MPs at the event included Jeremy Corbyn MP, who passionately addressed the crowd and the Embassy; “My message to this building over here: release the Five before you move to Battersea – or we’re going to go with you!”, in reference to the US Embassy’s forthcoming relocation from Grosvenor Square.
Paul Maskey MP, of Sinn Fein, spoke of the parallels between Ireland and Cuba, who have both faced interference from their neighbours. Maskey also stressed the importance of supporting CSC and the case to free the Five. “We know from our own peace process that international pressure can make a difference and the world a better place.”
Other speakers at the vigil included Elizabeth Woodcraft, barrister and one of the Coordinators of the International Inquiry, Rodney Bickerstaffe, former General Secretary of Unison, Chris Baugh, Assistant General Secretary PCS, Manuel Cortes, General Secretary of TSSA, Paul Novak, Assistant General Secretary of the TUC, Eric Roberts, Unison London, Father Geoff Bottoms, and Miriam Palacious, who all gave rousing speeches in support of justice for the Five.
Speakers from the legal professions included Steve Cottingham, from OH Parsons Solicitors, who has scrutinised the case of the Five over many years, explained how the battle is a political one, rather than a legal. “It all boils down to this - they’ve spent a long, long time in prison – around a quarter of their lives – this is too long and they need to be released now.”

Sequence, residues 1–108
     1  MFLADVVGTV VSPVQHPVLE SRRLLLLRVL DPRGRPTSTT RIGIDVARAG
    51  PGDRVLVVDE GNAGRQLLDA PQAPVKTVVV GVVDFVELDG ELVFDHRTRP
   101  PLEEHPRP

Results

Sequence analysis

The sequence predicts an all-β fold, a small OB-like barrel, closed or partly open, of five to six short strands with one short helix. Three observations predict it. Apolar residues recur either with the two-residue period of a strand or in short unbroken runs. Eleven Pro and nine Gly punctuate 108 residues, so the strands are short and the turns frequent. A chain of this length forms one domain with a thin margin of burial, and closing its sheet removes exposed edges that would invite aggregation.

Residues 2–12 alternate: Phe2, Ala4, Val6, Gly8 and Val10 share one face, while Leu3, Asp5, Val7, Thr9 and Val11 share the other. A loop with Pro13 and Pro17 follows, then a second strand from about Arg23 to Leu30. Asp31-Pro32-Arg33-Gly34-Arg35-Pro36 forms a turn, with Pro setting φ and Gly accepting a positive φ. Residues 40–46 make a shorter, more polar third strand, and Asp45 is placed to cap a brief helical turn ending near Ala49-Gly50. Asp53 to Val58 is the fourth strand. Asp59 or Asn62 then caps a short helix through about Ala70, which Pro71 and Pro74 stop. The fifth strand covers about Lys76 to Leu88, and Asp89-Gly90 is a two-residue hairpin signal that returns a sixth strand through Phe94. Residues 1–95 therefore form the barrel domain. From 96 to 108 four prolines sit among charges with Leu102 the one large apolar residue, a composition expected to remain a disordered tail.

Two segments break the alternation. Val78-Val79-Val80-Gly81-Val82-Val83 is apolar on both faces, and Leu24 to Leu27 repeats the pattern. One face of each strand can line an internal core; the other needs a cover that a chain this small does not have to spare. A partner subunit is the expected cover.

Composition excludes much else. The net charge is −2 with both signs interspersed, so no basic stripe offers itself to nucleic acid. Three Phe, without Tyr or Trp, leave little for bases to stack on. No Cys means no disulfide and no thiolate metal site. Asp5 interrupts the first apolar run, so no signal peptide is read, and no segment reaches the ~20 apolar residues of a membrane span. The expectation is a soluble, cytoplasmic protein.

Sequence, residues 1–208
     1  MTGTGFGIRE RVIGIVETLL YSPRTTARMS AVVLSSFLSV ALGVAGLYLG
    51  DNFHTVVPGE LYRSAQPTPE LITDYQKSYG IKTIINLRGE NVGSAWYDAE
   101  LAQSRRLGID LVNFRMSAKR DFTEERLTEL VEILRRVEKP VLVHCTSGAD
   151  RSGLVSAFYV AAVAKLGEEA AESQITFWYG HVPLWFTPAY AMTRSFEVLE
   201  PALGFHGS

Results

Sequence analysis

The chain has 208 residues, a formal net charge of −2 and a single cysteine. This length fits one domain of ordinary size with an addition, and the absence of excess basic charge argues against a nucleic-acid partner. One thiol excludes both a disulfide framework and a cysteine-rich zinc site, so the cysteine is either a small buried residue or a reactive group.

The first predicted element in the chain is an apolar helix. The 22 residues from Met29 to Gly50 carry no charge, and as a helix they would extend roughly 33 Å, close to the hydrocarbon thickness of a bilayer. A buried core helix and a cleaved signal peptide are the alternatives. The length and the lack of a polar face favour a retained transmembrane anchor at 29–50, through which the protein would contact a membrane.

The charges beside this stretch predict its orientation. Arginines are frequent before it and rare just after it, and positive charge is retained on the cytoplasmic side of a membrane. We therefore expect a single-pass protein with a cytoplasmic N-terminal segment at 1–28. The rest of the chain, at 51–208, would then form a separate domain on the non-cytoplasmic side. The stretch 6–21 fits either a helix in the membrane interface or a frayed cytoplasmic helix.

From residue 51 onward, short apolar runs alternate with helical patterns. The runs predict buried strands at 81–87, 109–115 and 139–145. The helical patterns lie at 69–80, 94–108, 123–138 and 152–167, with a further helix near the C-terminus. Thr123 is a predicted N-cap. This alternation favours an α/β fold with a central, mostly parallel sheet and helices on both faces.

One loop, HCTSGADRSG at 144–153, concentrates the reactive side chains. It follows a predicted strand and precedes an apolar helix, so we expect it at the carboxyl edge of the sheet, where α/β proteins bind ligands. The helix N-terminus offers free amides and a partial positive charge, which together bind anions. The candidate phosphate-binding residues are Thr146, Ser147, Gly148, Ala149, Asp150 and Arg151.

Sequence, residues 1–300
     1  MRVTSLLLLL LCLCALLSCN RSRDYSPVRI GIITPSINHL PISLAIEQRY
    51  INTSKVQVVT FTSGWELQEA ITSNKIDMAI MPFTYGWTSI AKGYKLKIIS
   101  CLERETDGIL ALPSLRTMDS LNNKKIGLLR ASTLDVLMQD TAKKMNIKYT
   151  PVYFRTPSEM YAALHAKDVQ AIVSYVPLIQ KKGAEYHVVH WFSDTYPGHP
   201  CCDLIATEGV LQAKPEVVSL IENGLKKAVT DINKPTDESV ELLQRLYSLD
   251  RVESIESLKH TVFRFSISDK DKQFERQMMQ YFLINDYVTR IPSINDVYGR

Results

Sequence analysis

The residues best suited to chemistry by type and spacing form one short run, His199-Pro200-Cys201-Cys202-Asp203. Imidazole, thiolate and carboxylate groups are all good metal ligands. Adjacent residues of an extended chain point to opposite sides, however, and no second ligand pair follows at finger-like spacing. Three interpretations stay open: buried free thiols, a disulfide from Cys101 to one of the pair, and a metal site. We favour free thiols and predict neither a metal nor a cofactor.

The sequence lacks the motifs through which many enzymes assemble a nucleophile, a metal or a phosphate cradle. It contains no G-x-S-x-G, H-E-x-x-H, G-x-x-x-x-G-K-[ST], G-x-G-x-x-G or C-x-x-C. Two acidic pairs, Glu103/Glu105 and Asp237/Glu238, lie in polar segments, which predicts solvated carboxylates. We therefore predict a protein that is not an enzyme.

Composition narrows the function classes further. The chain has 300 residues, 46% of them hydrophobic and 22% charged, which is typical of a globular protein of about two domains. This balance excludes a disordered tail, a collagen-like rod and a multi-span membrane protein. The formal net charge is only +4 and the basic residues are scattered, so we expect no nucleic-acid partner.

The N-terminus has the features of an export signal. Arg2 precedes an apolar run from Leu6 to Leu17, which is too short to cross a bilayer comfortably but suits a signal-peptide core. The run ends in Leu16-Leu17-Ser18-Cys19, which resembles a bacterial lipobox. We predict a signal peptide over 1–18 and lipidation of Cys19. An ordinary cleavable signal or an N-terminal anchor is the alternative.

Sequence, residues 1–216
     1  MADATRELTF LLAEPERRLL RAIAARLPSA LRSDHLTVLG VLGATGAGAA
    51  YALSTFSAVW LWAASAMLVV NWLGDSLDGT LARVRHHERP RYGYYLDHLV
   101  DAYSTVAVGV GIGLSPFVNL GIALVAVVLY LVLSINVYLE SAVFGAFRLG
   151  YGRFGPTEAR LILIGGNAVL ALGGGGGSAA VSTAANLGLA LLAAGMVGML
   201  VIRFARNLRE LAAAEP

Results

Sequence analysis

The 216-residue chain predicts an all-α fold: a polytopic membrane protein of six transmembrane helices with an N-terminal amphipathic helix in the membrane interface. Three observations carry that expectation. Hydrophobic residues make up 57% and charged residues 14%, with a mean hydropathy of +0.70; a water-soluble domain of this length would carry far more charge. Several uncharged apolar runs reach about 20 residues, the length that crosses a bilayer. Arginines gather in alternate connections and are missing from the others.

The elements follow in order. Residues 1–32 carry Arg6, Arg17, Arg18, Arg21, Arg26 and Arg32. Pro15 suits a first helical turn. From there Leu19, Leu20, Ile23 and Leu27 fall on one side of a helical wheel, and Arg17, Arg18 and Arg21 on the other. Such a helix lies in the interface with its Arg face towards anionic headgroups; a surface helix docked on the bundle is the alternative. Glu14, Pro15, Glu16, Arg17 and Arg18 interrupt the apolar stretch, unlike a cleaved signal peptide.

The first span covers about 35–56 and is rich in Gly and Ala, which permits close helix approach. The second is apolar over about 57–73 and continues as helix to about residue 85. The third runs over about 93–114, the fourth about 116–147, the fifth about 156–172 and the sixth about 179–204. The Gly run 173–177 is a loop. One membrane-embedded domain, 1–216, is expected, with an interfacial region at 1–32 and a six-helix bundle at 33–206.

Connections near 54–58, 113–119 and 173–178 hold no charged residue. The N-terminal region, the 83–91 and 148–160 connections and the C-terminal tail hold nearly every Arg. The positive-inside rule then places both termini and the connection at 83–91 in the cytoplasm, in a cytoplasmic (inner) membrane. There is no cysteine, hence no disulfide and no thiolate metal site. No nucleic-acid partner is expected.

Doug Christie, from Thompsons Solicitors, gave a passionate speech, standing metres away from a statue of Ronald Reagan, paraphrased the ex US President in reference to what Obama can do for the Five: “Three of the Five remain in prison. We say, Mr Obama, tear down these prison walls! Declare a pardon now!”
Christine Blower, General Secretary of National Union of Teachers (NUT), spoke of how Cuba is a beacon for the world in its achievements in education and health, and how the NUT have offered practical solidarity with Cuba in teaching English to Cuban doctors – skills, she suggested, that they may be putting to use in West Africa as they treat ebola patients. On the Five, Blower said “NUT will support the Miami Five for as long as it takes. Let’s build the campaign and pressure so that we won’t be here next month, or next year, let’s get justice now!”
Peter Pinkey, President of the Rail, Maritime and Transport (RMT) union, gave an emotional speech saluting the late Bob Crow, who was a huge friend and supporter of Cuba. Pinkey spoke of the progressive politics of Latin America, which Cuba has been at the centre of, with governments in Venezuela, Ecuador and Bolivia amongst many, taking inspiration from Cuba’s commitment to putting people before profit.
The actor, Andy de la Tour, paid tribute to the late Roger Lloyd Pack, a strong supporter of Cuba, who he had performed the works of Harold Pinter with in Havana in 2011. He spoke of the topical Cuban internationalist missions, with Cuba leading the fight against ebola, and how three of the Five has served on international missions in Africa before their arrest. Urging everyone to keep fighting for justice, he argued; “None have been released until they have all been released”.